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CIT Bank Launches New RampUp CDs


CIT Bank has launched a new line of CDs that it calls RampUp CDs. There are two types of RampUp CDs. The first type is called RampUp Plus CDs, and they replace the Achiever CDs. Just like the Achiever CDs, they allow for a one-time CD rate increase and a one-time added deposit. Also, both have a minimum deposit of $25,000. The second type is called RampUp CDs, and these have a 3-year and 4-year term. They allow for a one-time CD rate increase, but they do not allow for an add-on deposit. The 3-year CD has a $25,000 minimum deposit, but the 4-year CD has a $50,000 minimum deposit. Thanks to DA member OldGuy for first posting on these new CDs in the forum.

According to the small print "CIT Bank reserves the right to limit the additional deposit to your RampUp Plus account to $250,000." So the add-on deposit should not be considered unlimited.

There’s also a limitation on the 3-year and 4-year RampUp CDs. These have a maximum deposit of $250,000.

The RampUp Plus CD rates are the same as the old Achiever CD rates. These continue to be a good deal. The 1-year CD has a 1.05% APY, and the 2-year CD has a 1.20% APY (as of 6/11/2014).

The RampUp CD rates are competitive even when compared to standard CDs without the bump-up feature. The 3-year CD has a 1.35% APY, and the 4-year CD has a 1.70% APY (as of 6/11/2014).

If you can handle the balance requirements, these are a better deal than Ally Bank’s Raise Your Rate CDs. Ally Bank’s 4-year Raise Your Rate CD has a 1.30% APY, and its 2-year Raise Your Rate CD has a 1.10% APY (as of 6/11/2014). Unlike the RampUp Plus CD, Ally’s CDs don’t allow for an add-on deposit. The only advantage with Ally Bank’s 4-year Raise Your Rate CD is that it allows for two rate bumps during the term instead of just one.

In theory, savers could benefit from a bump-up CD in a rising rate environment. If the CD rate increases, the customer can request a rate bump-up on their CD. The problem with these types of CDs is that it encourages savers to forgo a higher rate CD in exchange for this lower rate bump-up CD. Also, there’s no guarantee that the CD rate will go up. The bank can always keep the bump-up CD rate low.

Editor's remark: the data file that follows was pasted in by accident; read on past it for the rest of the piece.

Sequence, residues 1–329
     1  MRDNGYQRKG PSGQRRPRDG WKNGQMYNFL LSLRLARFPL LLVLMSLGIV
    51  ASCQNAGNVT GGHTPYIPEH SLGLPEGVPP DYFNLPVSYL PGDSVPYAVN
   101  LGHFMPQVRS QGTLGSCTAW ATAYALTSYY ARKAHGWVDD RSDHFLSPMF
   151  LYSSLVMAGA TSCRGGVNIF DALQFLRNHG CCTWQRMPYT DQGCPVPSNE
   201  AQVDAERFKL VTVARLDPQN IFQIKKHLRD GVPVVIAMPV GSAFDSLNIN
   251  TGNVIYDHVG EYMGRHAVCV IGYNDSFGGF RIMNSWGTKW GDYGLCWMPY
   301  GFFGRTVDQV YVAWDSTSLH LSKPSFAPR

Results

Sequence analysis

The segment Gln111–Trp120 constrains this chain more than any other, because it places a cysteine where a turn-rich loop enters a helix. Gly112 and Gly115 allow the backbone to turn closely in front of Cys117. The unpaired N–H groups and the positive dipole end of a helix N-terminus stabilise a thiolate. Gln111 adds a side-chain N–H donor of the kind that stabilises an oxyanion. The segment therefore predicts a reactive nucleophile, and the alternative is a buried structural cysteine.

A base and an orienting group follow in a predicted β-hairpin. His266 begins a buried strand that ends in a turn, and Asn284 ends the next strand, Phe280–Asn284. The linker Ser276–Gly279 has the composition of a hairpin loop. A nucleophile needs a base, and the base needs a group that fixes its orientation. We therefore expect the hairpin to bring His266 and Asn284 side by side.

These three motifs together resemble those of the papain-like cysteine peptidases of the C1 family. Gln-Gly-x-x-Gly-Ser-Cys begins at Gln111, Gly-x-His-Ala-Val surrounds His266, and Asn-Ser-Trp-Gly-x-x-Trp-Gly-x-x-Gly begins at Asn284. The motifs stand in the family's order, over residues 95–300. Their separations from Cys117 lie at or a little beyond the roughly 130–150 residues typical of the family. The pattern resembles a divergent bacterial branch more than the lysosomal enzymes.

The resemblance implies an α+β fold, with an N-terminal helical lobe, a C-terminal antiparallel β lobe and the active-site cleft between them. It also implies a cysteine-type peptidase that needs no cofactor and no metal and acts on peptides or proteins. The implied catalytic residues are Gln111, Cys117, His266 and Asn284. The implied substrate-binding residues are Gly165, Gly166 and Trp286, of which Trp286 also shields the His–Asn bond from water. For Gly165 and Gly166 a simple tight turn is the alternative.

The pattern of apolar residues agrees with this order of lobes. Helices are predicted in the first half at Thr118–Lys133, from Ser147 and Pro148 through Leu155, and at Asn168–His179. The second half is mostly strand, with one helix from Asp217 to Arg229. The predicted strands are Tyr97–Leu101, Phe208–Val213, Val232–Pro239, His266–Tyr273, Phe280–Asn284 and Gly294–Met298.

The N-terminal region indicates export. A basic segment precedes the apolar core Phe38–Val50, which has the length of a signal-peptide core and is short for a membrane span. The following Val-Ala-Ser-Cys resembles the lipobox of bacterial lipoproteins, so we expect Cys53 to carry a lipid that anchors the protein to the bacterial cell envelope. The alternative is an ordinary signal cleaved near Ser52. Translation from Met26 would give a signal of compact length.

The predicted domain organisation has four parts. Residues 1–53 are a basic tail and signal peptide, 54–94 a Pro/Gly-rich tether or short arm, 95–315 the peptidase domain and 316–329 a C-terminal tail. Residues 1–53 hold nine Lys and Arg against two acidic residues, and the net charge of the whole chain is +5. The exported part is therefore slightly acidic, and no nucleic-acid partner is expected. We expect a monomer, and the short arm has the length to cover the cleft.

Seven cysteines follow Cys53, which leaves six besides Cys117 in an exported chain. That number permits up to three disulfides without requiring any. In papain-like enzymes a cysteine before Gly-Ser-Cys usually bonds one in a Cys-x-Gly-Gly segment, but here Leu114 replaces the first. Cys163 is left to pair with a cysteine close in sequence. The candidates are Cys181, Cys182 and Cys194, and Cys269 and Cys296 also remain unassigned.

At least in the case of CIT Bank, savers don’t have to give up too much if they choose the RampUp CD. CIT Bank’s Jumbo 4-year CD, which does not have the bump-up feature, has a 1.80% APY. That’s only 10 basis points higher than the 4-year RampUp CD. CIT Bank’s 4-year Term CD has a 1.65% APY which is 5 basis points lower than the 4-year RampUp CD. So if you have $50K that you want to deposit into a 4-year CD, the 4-year RampUp CD is clearly the best option as of 6/11/2014.

Other CDs and IRA CDs

CIT Bank continues to offer a good deal on its 5-year Jumbo and Term CDs. I reviewed these CDs in this blog post.

Application Process

You can apply for CIT Bank CDs with an online application. It's available for people in any state. Funding is done with an electronic funds transfer from an outside bank account. As is typical with setting up an ACH transfer, you provide CIT Bank with the routing and account number of your outside account. You also have the option to mail in a check. I was told the rate locks at the time you complete your application.

CIT Bank Overview

Don't confuse CIT Bank with Citigroup Inc. which is the bank holding company of Citibank. CIT Bank is one of the businesses that make up CIT Group Inc., a bank holding company best known for providing commercial financing and other services to small and middle market businesses. CIT Group had some difficulties in 2009. However, the FDIC-insured CIT Bank is financially strong. That's the most important factor for depositors. The bank's overall health grade at DepositAccounts.com is an A+ with a Texas Ratio of 2.72% (excellent) based on March 2014 data. Please refer to our financial overview of CIT Bank for more details. The bank has been a FDIC member since 2000 (FDIC Certificate # 35575).

Related Pages: CIT Bank, CD rates

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  |     |   Comment #1
They can try to avoid the rate bump by doing another product rename. The $250K limit isn't new, though it was added at some point and made it harder to add to CDs that predated the rule change. I doubt they resist too hard given what they're offering on the brokered CD market at much higher rates.
  |     |   Comment #2
My take:

When you can earn 1+% on a completely liquid MM account as is still possible (I earn 1.15% at Connexus, and there's other such deals around) it's simply unthinkable to make a multi-year commitment of funds in this environment for the sake of such small yield increments,- regardless of the bells and whistles.  I'll not invest in any CD (of any term) at less than 3%, - PFCU earlier this year (and hopefully later this year) and more recently TOBY.  It's just not worth it. 
  |     |   Comment #3
I have started using one of Ken's strategies..If you look at Ken's stats on 5 year CD's and the yeild you receive when you close early you can earn a higher rate and close the CD as needed. I opened a GE Retail bank (Synchrony) at 2.3%. You get the following rates if you close early. It is adjusted for the EWP: 1 year - 1.15% 2 year - 1.72% 3 year - 1.92% 4 year - 2.02% 5 year - 2.30% I don' put all my money I'm 5 years just in case the banks or government change the rules.
  |     |   Comment #4
Your 1.15%  rate can change at anytime to any rate.  If you lock in a rate you are guaranteed that rate.  I took advantage of a 10 year 5% CD at Penfed a few years ago.  I was skeptical at the time but it was a great move. 

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